Hnefatafl is not exactly a household word today. To most people who see it being played, it is a novelty. But at the present time it is probably as popular as it has ever been since the Viking age. It has become well known not only among fans of ancient board games, but also among people interested in Viking history: not only professional archaeologists and historians, but amateur enthusiasts involved in re-enactments. Tournaments are becoming more common, the most well-known being that held every year on Fetlar, one of the Shetland Islands of Scotland.
There are a number of sets being commercially made, and due to the variety of board sizes and rules, each set has its own peculiarities beyond mere appearance. A popular version of hnefatafl has been made since the 1980s, called The Viking Game, using moulded resin pieces on a cloth board. It has been a favourite of museum shops, and was also sold through Past Times, a chain of shops specialising in quirky, nostalgic and old-world goods. This has a king and twelve defenders fighting against twenty-four attackers, and its rules have been used in many similar variants.
Due to the novelty of the game and the number of variations, it is also common for people to make their own boards. If one searches the web for images of hnefatafl, there will be as many home-made sets shown as there are commercial ones. The time taken over crafting these boards adds special value for their owners, making the game even more enjoyable. For those who are making their own sets, the information in the Rules section of this web site will be particularly valuable.
One recent improvement has been the rediscovery and increasing popularity of the historic rules of the game. Until recently, researchers were reliant on scant material to put together a working set of rules, so some experimentation in play was needed, and inauthentic variations proliferated. But during the twenty-first century more original sources have been digitised and put on-line, allowing easier access to historical information. While hnefatafl is far from standardised, re-enactors and some players now have access to a game very close, and probably identical, to that which the Vikings played.
Next: A Rule Book for Hnefatafl
another great article! Well-written, well-informed and succinct - a pleasure to read.
Tim Millar - 16:17, 24/08/2013
I have seen similar games in the past at Renaissance festivals. I think I've even played a variation of the game at the festival will know more when I read the rules. What got me to your site was an episode of vikings TV show, which is probably the first time I saw and heard it's name pronounced. Though on that game it appears to have at least the 24 piece version of the game (I think there were even more pieces) I paused the show to look it up. If you are familiar with the show its the latest episode of current season (in the usa). I sure in a day or two since aired 22hrs ago will be online can just do a search for it sure there will be utube Clio of it...any info on that version of the game it's rules would love to hear your input on it....your explanation of the game is far better the Wikipedia answer to game. Thanks, also do you have aNY sort of page Facebook Twitter or such that I can follow you I sure there is a lot of interesting things that are easy to read and comprehend, you have done an excellent job at explaining it history of the game and sure as good on the rules when I get there thank you for thanking the time to right it. Was an enjoyable read and sure it will be many of days of enjoyment paying the game as soon as I finished its construction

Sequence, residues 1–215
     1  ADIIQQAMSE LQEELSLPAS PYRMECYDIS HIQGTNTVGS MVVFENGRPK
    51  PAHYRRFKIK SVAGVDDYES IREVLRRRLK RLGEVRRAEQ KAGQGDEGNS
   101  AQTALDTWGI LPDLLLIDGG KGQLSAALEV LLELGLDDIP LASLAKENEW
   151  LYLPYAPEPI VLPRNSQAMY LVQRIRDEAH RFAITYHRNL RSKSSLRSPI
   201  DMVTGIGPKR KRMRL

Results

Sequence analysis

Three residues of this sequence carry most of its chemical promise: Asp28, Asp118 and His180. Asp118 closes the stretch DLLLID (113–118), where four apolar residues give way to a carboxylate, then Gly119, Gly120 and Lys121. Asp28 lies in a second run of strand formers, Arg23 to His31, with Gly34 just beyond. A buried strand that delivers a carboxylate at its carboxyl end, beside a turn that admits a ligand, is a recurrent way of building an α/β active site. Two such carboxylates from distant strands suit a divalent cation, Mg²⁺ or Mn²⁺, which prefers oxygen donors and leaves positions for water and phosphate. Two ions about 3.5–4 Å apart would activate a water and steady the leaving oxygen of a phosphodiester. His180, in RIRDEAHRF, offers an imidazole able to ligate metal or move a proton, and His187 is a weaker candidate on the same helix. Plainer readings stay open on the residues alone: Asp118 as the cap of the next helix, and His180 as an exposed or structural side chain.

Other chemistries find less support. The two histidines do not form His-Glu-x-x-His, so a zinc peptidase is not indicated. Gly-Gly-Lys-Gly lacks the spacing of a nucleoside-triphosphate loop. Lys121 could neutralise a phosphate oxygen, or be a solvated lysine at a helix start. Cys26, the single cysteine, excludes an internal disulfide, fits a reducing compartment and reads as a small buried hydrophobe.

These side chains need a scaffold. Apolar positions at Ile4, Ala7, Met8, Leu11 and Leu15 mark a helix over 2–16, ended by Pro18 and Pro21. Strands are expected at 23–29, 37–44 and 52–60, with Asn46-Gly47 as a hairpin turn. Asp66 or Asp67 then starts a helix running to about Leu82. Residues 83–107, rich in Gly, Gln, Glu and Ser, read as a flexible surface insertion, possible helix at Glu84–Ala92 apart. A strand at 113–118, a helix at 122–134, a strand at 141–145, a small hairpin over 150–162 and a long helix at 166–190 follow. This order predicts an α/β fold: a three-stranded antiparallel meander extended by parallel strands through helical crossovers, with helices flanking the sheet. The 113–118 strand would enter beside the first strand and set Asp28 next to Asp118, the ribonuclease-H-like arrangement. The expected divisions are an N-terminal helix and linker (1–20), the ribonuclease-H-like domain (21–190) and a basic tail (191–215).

Michael rohrs - 00:53, 12/03/2016
Hello Michael, and thanks for your comment! I haven't managed to see Vikings on TV yet, so I'll have a lot of catching up to do when I get around to it. I'll try to find the episode on YouTube to find out what version of the game they played.
I do have a Facebook and a Twitter account for the site. You should be able to find the icons for them at the bottom of every page (you'll have to scroll down to see them on a mobile device)
Damian Walker - 07:02, 12/03/2016